Consumers & Cultured Meat: A Review Of Literature From 2018-2020
Cultured meat is a technology that has the potential to create meat without killing animals. It’s a promising technology, and its success could help to mitigate the ethical, environmental and health problems associated with traditional meat, even without reducing meat consumption to zero. Above all, it could be a crucial step for those who do not want to stop eating animal products. Cultured meat is not yet available commercially, though many companies are working hard to push it to market as soon as possible. It is therefore important to address consumer perceptions, doubts, or objections in order to facilitate the marketing of cultured meat when the time is right.
In this literature review, researchers looked at 26 empirical, peer-reviewed studies published between 2018 and 2020 addressing consumer acceptance of cultured meat. Its aim was to update another review conducted by the same researchers for studies published between 2014 and 2018. Researchers reviewed overall acceptance, demographic differences, perceived benefits, key barriers, price, taste, and finally — what might be of most interest for cultured meat advocates — possible interventions to increase the acceptance of cultured meat.
Overall acceptance: Researchers found that a high proportion of consumers would try to buy or eat cultured meat, and they tended to perceive it as more beneficial to society than to themselves. Cultured meat seems to be more accepted than genetically modified foods, more appealing than eating insects, but less accepted than plant-based meat. The latter depends on consumer preferences; cultured meat is more appealing to people who love meat.
In addition, studies showed differences in acceptance of cultured meat between countries. For example, Chinese and Indian consumers were more positive about it than those in the United States. In each case, differences rely on distinctive drivers: whereas intentions to buy cultured meat were mainly driven by disgust in the U.S., its perceived health and nutrition was the main driver in China and its perceived ethicality helped it in India.
Demographic differences: Young people found cultured meat more appealing than older people; the same was true for urban dwellers as well as for meat eaters compared to vegetarians. Moreover, men were more likely to accept cultured meat than women, more educated people were more likely than less-educated people, and left-wing/liberal people were more likely compared to right-wing/conservative people. That said, there are still areas of uncertainty. For example, the effect of economic status remains unclear.
Perceived benefits: The study found that consumers consider avoiding animal suffering as one of the main benefits of cultured meat. They also believe that cultured meat has environmental benefits, such as reduced greenhouse gas emissions and reduced water and land use. In addition, they can see it as a potential solution to resolve global hunger and global warming. Ethical and environmental benefits had a positive impact on purchase intentions, and while health and food safety also affected purchase intentions, they did not appear to be an obvious benefit for consumers. It might be useful for advocates to emphasize these two points in future for people who may be swayed by them.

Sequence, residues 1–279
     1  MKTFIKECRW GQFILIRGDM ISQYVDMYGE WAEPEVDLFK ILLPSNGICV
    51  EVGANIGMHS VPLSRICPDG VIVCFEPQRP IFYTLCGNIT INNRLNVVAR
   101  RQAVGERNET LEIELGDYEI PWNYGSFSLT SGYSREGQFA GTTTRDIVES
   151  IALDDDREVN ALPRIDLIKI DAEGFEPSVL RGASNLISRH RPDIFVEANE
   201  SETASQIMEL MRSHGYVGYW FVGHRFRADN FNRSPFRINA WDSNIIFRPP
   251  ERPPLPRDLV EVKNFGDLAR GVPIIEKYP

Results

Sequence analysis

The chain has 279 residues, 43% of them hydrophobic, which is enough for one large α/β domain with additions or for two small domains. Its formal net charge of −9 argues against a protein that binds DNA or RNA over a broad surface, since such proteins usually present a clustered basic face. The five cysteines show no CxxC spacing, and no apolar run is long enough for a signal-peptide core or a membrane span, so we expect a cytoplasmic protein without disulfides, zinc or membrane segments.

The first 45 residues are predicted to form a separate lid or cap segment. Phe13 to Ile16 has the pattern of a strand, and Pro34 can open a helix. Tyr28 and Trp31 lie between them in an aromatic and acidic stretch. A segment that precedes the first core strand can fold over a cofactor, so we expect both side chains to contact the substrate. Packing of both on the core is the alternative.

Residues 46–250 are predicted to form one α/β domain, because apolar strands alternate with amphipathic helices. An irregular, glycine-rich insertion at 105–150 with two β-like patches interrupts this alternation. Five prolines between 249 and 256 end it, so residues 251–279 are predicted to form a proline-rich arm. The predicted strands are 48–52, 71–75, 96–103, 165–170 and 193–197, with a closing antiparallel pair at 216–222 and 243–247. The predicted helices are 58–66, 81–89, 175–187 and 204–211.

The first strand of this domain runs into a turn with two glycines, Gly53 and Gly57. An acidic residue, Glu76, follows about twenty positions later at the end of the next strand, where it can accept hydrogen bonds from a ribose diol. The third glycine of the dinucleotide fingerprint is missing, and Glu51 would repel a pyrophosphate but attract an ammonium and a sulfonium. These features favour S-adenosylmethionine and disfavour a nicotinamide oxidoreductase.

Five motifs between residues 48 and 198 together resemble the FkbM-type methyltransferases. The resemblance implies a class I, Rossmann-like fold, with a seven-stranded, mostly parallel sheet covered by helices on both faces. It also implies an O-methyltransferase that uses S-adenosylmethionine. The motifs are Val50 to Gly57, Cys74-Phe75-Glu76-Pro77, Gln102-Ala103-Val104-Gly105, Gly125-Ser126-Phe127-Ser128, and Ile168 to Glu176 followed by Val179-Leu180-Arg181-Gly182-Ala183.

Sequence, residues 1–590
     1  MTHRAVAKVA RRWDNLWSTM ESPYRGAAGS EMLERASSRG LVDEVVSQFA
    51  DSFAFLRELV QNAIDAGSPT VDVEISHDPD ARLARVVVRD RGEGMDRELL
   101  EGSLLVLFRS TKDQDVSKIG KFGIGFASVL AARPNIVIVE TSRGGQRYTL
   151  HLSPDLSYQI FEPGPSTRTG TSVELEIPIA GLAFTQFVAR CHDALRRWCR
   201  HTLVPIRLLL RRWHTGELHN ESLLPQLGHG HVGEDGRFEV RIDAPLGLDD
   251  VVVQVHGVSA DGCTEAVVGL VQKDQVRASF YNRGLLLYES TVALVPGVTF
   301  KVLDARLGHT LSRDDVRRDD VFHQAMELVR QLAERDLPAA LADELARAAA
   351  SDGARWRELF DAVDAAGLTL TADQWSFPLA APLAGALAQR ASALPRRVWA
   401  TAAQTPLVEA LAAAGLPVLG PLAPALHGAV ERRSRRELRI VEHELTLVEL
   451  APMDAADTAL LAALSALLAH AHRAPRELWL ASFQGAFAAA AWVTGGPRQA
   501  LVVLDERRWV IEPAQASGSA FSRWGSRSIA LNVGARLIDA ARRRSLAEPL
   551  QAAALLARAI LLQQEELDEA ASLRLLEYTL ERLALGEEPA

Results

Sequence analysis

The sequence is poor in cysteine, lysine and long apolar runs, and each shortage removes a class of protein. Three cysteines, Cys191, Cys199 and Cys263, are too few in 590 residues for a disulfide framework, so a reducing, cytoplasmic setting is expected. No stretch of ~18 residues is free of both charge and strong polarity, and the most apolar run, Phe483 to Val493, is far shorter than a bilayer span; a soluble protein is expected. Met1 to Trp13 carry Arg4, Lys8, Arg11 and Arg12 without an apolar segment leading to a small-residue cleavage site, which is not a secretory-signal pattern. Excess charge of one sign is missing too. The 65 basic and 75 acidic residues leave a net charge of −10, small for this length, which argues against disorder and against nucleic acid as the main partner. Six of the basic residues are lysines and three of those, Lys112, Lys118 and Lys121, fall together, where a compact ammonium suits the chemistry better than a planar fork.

Key barriers: A first barrier to the acceptance of cultured meat is the perception that it is unnatural. But this does not automatically lead to rejection: It’s mainly people who care about naturalness who will reject cultured meat, while those who don’t care about naturalness may not have the same perception. Other important barriers include safety and health concerns; consumers are not sure that cultured meat is safe and wholesome in the long term. Disgust sensitivity and neophobia — an aversion to new or unfamiliar foods — increases the rejection of cultured meat. Finally, mistrust of food scientists and a penchant for conspiracies lead some to the rejection of cultured meat.
Price and taste: Price and taste are two crucial aspects for consumers, and they were found to be important factors in purchase intentions. Some people were willing to pay more for cultured meat than traditional meat, but not everyone. For the latter, cultured meat will have to be affordable, and in addition, it needs be tasty. At the moment, consumers think that cultured meat will not taste as good as traditional meat.
Interventions: Several interventions can improve the acceptance of cultured meat. The researchers highlighted that presenting positive information about the benefits of cultured meat seems to increase its acceptance. Details about the personal benefits to the consumer would be among the most effective types of information. In general, it may be beneficial to avoid overly technical explanations.
Besides the above, the name is important. Clean meat seems to be the name that leads to the highest acceptance. However, the authors also note that, more surprisingly, the language of presentation is also important. A study showed that presenting cultured meat in English to people whose mother tongue was German increased the intention to buy it, but there seems to be only one study on the effect of language, and more are needed to see if this is a robust effect.
Finally, interventions focusing on the naturalness of cultured meat appear to be of limited effectiveness, although few studies have addressed this aspect. Thus, advocates should not necessarily dwell on it, and look to other interventions in the meantime.
Overall, this study provides a useful overview of current literature on the acceptance of cultured meat. Though not all animal advocates see the potential in cultured meat technology, those that do will find that this literature review helps to clarify current public opinion around cultured meat, as it gets ever-closer to market.